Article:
In a capitalist economy, the invisible hand serves a very important but underappreciated role: It is a signaling mechanism that helps balance supply and demand. High demand leads to higher prices, telegraphing suppliers that they’ll make more money if they produce extra goods. Additional supply lowers prices, bringing them to a new equilibrium. I am slightly embarrassed as I write this, because you may confuse me for an economist — I am not one. But this is how prices are set for millions of goods globally on a daily basis in free-market economies.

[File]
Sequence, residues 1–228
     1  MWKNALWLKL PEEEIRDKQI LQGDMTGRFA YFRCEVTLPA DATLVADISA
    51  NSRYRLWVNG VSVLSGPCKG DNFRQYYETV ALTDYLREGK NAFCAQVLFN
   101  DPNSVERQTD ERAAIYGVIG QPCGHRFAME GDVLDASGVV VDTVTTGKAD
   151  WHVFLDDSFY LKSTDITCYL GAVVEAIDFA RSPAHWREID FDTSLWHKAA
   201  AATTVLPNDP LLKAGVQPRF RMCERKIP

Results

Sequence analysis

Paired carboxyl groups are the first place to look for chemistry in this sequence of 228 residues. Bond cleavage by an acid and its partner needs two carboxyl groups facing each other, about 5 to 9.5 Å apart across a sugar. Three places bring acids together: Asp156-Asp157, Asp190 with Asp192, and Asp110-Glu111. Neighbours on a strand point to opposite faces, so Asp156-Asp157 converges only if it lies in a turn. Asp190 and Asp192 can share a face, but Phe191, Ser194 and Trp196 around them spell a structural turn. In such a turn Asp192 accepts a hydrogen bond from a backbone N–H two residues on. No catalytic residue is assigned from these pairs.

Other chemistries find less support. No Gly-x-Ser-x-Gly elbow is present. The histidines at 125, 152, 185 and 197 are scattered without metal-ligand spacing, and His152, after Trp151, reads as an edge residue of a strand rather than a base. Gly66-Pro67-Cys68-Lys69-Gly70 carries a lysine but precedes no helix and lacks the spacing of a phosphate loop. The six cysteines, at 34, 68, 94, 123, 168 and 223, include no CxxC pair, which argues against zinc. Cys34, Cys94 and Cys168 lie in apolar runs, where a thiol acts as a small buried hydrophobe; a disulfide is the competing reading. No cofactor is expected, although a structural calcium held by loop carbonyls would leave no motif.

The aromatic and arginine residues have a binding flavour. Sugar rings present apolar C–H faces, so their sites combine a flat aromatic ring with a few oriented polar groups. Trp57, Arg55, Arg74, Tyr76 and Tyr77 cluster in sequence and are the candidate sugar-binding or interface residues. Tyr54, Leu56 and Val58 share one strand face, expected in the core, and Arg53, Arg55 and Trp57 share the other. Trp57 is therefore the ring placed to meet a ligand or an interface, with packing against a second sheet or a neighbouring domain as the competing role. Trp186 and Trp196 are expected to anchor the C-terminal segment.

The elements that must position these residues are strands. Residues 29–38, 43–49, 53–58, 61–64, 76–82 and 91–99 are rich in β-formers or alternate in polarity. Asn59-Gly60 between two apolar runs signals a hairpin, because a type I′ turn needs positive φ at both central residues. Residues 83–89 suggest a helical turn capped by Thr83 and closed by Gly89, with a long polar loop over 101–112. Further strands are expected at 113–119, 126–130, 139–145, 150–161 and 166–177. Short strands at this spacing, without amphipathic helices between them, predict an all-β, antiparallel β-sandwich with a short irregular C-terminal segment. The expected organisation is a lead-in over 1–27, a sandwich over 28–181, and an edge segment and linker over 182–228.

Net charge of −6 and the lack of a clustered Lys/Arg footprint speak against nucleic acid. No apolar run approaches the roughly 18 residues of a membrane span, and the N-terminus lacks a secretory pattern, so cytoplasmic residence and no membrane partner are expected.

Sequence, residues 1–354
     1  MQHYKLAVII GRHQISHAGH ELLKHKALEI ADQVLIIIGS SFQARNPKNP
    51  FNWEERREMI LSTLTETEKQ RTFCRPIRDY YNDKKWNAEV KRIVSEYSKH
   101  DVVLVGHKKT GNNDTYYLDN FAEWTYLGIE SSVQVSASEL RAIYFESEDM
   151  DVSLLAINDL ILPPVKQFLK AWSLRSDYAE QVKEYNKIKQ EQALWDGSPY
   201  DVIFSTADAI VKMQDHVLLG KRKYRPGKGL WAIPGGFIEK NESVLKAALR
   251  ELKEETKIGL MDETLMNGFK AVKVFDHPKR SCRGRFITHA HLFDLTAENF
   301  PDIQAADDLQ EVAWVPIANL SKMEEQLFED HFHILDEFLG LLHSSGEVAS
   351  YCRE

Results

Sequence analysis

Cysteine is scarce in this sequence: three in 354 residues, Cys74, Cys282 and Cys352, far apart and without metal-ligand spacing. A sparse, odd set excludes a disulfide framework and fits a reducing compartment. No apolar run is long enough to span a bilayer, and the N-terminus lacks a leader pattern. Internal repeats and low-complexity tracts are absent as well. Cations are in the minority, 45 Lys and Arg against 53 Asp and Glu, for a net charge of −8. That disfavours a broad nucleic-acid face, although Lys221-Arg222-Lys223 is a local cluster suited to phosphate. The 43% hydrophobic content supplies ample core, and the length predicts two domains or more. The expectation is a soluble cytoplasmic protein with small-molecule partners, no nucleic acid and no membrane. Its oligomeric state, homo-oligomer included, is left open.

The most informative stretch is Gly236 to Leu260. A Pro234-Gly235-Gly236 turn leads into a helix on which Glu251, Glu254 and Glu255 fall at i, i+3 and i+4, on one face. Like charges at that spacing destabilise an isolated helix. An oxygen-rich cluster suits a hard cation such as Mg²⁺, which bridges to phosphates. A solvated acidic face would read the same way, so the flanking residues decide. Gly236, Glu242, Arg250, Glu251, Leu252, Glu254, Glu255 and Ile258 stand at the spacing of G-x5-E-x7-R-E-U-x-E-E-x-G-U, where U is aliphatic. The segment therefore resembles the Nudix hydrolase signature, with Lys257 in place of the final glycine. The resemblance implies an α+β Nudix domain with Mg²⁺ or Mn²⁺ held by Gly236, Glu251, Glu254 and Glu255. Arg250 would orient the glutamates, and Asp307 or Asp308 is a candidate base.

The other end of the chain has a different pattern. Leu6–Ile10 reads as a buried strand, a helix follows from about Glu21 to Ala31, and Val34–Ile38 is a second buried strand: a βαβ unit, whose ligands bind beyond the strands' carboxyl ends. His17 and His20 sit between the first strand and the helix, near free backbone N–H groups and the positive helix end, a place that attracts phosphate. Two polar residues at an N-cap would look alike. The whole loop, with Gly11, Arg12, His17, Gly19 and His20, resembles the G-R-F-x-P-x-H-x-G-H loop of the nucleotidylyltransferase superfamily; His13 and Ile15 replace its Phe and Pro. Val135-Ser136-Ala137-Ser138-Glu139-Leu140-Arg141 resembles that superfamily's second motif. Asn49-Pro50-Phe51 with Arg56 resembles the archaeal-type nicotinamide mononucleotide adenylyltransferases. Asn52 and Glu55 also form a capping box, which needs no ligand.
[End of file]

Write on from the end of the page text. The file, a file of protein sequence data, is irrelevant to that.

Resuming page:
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Dream Of The Central Banker

By Mark O’Byrne – Re-Blogged From http://www.Silver-Phoenix500.com

The art world and artists have in the main not addressed one of the most important issues of our time – central banks foisting debt on the people and nations of the world and thereby controlling them.

An artist who has the knowledge and courage to look at and address the world of money, the dangers of monetary policies today and currency debasement on a scale that the world has never seen before is an Irish artist called Conor Walton.

The Dream of the Central Banker (Click painting to enlarge)